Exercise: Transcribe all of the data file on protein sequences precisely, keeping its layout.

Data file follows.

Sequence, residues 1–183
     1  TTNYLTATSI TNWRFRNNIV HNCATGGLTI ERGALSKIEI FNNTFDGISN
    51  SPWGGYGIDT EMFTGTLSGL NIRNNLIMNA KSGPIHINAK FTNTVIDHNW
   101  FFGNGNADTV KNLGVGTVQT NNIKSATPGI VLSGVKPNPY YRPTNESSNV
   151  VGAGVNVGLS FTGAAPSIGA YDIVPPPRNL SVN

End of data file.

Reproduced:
Sequence, residues 1–183
     1  TTNYLTATSI TNWRFRNNIV HNCATGGLTI ERGALSKIEI FNNTFDGISN
    51  SPWGGYGIDT EMFTGTLSGL NIRNNLIMNA KSGPIHINAK FTNTVIDHNW
   101  FFGNGNADTV KNLGVGTVQT NNIKSATPGI VLSGVKPNPY YRPTNESSNV
   151  VGAGVNVGLS FTGAAPSIGA YDIVPPPRNL SVN